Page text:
Failure to rebuild the city of New Orleans?

6 Dec


I believe the city of New Orleans has definitely not failed to rebuild.  ABC News did a special on post Hurricane Katrina, which was five years after the hurricane that brought up many points. More than 90% of New Orleans population has returned to the city, and 1.2 million people call New Orleans home again. Although, of the 9th ward, only 25% have returned. Yes, that is sad but would you really want to return to a place where it was devastating in the first place? I don’t blame the people who lived there before not to come back when they could potentially find happiness somewhere else. I remember hearing in class about jobs and how there is a lack of them down there now, but that is not true. Over the past five years, more than 100,000 jobs have been gained and retained; most of those jobs are in the education and construction industry.

The unemployment rate in New Orleans is lower that the nations! That is a huge deal and says a lot about their economy now. They have better employment now than they did before the storm.  Furthermore, because of tourism, Mardi Gras 2010 has the highest number of tourists to date! Slowly, New Orleans is growing. Many complained about the federal government not helping out and spending enough, well I think 42 billion dollars is a whole lot of money and quite possibly sufficient to help with aid to fixing homes, schools, roads, disaster relief, medical and most importantly the levees. Obviously after a huge disaster like Katrina, any place is going to take time to rebuild. It just will never happen overnight and honestly I think that is what many of the New Orleanians were thinking that was going to happen. One thing I really question, we have watched so many movies in class about Katrina victims but I have yet to see a white person complain. There is no way that this hurricane only affected black people. Why is it that there is so much pity on them? I am just trying to see both sides of this story when we usually are only shown one. Why are we only shown the negatives when there are clearly positives?


Flaherty states, “For those back in the city, at times it felt like difference of race and class had washed away”, I believe that that statement is a good indicator of how people join together in a time of need. Both races and many classes were affected one way or another and usually when a huge disaster occurs people put aside their differences and come together. He also goes on to say “Federal dollars were assigned to homeowners but not to renter”, is it not apparent that money would go to them first, you have to go through so much to own a home but to rent one you really don’t. Of course money would go to homeowners first. I bet many of the homeowners had insurance while the renters did not. I am a renter myself and I do not have renters insurance on my house. It’s just not something you think of when you are renting. So that is probably why many homeowners were helped. If you work hard you make more money which in turn can make it possibly to buy a house, have nice things and buy insurance. Being lazy gets you nowhere. If you stop complaining and take action it is a whole lot more successful.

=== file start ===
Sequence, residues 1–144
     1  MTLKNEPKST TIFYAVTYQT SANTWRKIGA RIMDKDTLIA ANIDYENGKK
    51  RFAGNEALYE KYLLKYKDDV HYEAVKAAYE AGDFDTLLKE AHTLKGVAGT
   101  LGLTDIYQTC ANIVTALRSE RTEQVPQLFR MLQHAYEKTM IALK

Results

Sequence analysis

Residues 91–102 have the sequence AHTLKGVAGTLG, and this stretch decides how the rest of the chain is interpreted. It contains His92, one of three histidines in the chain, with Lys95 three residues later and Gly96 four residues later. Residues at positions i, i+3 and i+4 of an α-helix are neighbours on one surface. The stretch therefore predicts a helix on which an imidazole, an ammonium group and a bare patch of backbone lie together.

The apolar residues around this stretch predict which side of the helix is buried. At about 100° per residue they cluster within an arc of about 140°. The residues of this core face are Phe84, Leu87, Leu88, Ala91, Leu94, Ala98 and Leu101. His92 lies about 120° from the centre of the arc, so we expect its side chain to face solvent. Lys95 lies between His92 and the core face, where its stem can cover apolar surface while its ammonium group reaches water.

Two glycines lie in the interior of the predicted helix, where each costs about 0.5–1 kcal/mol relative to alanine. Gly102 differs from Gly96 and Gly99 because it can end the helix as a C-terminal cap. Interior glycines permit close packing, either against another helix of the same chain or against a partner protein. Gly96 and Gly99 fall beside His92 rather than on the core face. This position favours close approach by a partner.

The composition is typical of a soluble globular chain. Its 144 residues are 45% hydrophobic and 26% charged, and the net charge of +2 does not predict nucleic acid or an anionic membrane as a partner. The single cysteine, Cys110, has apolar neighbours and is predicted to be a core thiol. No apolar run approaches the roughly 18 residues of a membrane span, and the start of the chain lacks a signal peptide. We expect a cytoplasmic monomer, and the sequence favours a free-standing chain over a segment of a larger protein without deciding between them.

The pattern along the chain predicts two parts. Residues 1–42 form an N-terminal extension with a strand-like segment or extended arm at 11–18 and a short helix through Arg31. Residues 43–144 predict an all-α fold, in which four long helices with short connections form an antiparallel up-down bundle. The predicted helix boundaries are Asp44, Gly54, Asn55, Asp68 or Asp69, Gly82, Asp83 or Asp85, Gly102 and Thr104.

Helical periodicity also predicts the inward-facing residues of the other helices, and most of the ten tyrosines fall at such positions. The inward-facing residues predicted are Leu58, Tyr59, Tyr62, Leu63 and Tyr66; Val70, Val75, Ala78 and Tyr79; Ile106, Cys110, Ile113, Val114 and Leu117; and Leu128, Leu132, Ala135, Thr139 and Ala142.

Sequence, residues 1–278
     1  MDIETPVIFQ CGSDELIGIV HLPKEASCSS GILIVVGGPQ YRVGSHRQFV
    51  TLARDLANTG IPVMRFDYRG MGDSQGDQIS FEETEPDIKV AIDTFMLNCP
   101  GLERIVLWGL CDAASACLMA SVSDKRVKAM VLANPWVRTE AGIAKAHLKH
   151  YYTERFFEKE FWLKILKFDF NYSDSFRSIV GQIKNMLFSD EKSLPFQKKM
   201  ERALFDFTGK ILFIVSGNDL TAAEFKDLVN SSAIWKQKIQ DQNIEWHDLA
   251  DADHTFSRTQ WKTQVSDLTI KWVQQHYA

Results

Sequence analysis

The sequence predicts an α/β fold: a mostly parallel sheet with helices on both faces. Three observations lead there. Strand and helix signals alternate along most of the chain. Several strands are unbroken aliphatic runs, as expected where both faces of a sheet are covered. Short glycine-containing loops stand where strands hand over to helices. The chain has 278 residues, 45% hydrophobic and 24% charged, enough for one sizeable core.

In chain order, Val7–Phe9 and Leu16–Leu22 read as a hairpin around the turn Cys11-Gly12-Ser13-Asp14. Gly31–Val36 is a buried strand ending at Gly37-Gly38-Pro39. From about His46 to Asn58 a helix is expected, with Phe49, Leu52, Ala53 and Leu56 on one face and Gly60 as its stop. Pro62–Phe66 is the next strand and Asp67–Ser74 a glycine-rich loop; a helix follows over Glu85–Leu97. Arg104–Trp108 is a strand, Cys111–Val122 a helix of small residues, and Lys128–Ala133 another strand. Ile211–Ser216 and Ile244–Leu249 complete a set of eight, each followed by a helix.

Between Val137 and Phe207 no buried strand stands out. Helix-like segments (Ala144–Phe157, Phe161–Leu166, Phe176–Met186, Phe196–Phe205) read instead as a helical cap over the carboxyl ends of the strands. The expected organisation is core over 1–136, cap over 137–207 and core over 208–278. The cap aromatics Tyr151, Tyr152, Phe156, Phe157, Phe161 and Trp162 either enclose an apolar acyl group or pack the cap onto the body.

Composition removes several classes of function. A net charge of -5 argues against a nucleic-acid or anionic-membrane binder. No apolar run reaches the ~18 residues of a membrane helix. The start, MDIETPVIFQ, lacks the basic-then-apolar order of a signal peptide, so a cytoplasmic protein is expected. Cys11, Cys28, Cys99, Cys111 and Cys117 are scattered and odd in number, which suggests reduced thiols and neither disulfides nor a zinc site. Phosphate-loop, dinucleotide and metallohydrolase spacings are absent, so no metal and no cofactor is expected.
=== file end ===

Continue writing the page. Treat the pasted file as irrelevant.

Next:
Check out this video… I don’t know how to upload it directly into the post.



6 Responses to “Failure to rebuild the city of New Orleans?”

  1. Derek Anderson December 6, 2011 at 4:06 am #

    I like how you took a different spin on it and looked at the positive opposed to putting New Orleans in a bad light. The research is also there to back up the point you are trying to make. Also, it’s not ever going to be a quick fix, when such tragedies happen.

  2. djlwsu December 6, 2011 at 6:15 am #


    “Despite the billions in post-Katrina federal dollars for building schools, streets and bridges, and homes, the New Orleans poverty rate has actually increased back to the highest level since 1999. The survey revealed that 27% of New Orleans adults now live in poverty and 42% of children”